Piety and activism in Egypt : reflections on framing, motivation, contradiction and desire
Author(s)Lewis, Leslie R.
KeywordsUCSD Dissertations, Academic Anthropology. (Discipline)
Cairo Egypt Religious life Muslim women
Cairo Egypt Muslim women Psychology
Cairo Egypt Islamic sects History
Cairo Egypt History Islam
Spiritual life Islam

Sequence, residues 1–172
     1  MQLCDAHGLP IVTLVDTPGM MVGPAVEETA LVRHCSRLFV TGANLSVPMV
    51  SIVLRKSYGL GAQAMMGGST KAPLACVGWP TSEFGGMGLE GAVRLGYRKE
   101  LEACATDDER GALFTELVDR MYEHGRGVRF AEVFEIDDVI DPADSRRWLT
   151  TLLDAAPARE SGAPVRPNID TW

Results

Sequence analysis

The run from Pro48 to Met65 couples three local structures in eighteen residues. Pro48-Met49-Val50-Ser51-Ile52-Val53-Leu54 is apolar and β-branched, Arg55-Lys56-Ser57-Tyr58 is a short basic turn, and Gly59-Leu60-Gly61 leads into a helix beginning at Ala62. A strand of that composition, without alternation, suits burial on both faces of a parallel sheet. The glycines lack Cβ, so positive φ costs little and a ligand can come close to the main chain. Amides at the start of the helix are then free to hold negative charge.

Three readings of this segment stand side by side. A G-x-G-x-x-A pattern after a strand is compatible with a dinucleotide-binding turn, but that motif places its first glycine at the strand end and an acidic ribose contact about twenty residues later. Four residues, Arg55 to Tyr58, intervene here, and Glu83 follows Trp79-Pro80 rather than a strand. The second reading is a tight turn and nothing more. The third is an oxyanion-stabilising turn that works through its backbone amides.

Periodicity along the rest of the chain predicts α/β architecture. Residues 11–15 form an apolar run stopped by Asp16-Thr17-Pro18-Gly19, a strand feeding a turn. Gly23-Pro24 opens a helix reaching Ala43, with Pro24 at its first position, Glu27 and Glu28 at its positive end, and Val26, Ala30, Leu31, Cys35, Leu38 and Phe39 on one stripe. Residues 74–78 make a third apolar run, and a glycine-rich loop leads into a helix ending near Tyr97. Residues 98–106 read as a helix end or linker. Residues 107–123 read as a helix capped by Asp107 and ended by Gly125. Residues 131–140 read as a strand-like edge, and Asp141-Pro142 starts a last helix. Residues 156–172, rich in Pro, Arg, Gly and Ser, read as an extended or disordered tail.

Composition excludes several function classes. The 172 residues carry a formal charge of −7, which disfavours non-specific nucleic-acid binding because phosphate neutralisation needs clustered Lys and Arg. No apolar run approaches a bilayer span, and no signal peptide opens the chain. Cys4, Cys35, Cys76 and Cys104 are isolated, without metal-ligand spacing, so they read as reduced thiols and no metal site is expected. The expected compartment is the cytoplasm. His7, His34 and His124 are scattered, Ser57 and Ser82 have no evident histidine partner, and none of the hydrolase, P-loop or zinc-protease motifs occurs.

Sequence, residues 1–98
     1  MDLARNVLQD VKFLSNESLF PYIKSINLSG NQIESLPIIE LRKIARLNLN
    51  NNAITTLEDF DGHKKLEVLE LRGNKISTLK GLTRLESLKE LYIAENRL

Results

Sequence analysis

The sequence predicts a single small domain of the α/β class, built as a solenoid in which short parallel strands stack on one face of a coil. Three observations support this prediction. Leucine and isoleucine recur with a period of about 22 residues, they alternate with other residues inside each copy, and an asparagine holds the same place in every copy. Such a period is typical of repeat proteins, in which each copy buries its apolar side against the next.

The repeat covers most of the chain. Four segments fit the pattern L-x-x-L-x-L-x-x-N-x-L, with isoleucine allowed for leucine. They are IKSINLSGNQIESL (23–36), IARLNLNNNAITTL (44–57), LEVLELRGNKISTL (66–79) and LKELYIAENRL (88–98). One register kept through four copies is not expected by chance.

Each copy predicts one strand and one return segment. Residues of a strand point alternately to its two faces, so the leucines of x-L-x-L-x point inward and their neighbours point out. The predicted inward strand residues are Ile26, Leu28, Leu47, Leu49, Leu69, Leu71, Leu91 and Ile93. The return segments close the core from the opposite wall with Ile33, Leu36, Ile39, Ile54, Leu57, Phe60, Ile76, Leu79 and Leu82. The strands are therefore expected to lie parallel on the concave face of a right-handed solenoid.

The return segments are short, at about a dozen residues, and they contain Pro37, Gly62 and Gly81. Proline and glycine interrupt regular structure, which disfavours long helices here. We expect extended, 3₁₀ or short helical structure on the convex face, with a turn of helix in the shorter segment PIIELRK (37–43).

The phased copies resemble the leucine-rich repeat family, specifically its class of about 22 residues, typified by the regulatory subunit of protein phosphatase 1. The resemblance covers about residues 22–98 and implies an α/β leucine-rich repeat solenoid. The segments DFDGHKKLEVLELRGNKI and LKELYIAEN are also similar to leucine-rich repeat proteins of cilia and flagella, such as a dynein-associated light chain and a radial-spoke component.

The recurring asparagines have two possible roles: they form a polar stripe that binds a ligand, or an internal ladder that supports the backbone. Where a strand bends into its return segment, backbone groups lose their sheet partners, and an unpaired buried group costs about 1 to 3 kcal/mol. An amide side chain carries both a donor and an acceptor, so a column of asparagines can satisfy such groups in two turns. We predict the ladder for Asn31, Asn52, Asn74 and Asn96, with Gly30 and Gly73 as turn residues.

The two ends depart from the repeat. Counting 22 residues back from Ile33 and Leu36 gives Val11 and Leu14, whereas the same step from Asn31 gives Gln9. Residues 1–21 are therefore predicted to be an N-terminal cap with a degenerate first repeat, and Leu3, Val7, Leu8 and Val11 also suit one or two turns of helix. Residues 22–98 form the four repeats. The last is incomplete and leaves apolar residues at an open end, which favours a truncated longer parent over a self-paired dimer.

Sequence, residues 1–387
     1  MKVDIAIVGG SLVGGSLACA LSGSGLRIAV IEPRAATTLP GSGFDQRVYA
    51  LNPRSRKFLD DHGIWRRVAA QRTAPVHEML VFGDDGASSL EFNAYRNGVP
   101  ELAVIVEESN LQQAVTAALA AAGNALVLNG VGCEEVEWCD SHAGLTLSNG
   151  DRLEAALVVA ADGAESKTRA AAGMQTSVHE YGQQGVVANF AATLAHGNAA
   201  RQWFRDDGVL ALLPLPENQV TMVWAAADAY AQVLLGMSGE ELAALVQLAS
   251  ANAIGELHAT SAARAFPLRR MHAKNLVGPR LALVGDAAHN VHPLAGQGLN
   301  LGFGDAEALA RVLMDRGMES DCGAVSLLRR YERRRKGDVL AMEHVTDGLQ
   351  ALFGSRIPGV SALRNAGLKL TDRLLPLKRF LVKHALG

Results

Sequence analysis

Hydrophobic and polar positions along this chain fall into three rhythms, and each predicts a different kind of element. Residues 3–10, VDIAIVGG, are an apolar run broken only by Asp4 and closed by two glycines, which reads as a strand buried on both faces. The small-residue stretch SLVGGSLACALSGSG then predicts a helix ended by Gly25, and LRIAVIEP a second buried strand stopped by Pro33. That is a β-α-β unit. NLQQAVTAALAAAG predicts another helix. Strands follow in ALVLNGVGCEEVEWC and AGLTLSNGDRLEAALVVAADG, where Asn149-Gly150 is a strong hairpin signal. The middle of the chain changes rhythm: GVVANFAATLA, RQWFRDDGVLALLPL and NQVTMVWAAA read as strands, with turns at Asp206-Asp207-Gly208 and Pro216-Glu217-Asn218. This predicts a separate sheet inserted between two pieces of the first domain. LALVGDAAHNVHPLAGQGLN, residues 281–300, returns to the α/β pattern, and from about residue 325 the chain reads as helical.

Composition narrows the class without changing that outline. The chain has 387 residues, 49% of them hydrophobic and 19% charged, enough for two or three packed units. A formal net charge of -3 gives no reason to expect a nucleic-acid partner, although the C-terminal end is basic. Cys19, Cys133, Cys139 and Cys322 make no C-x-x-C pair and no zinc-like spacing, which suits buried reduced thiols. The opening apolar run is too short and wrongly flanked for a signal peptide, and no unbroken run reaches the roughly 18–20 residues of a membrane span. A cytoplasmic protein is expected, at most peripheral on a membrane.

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AbstractThis dissertation contributes to the growing scholarship attempting to analyze and understand devout religious engagement, and to cull from its study insights about human motivation, complexity and desire. It considers the lives, goals and activities of pious Muslim women in Cairo, Egypt. Far from being a simplistic and easily-defined phenomenon, marked by homogeneous membership, strict and uncomplicated conservatism and the marginalization of women, the grassroots Islamic piety movement in Egypt encompasses diverse membership, multiple practices and complex and contradictory individual and social effects. Its internal diversity is revealed when the lives of individuals within it are examined. While the women have shared understandings of the importance and correct execution of pious acts, and while they are united in their worldview, as centered on the glory, beneficence and dictates of God, each woman's engagement with the practices of the movement is spurred by a distinct set of needs and circumstances, and achieves different ends. At the same time, at the root of these differences lay common human drives for meaning, connection and control. The specific aims of the dissertation are four-fold. The first is to provide an intimate view of the piety movement: its internal complexity and contradictions, and its effects, both for individuals, and for Egyptian society. A second goal is to capture and convey some of the internal diversity of the movement, and the multiple ways that individual women use the symbolism and idioms of Islamic piety to meet their social, practical and psychological needs: for expiation, for an ordered, purposeful life, for connection and belonging, for a sense of mastery and meaning, and as a way to adapt to sources of fear and anxiety in their lives. The third aim is to examine the ideals and practices of the piety movement through its own value lens in order to show why it "makes sense" within its historical and social context. The fourth goal is to propose a set of common human desires that transcend ideological and practical differences, and represent a point of commonality across diverse human projects and pursuits
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